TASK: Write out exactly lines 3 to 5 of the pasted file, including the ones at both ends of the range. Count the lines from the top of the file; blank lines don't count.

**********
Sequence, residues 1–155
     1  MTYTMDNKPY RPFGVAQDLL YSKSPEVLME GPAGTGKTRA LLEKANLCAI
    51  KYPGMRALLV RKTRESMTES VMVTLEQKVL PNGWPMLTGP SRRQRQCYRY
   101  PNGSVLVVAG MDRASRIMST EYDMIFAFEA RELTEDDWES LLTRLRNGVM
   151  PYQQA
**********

    51  KYPGMRALLV RKTRESMTES VMVTLEQKVL PNGWPMLTGP SRRQRQCYRY
   101  PNGSVLVVAG MDRASRIMST EYDMIFAFEA RELTEDDWES LLTRLRNGVM
   151  PYQQA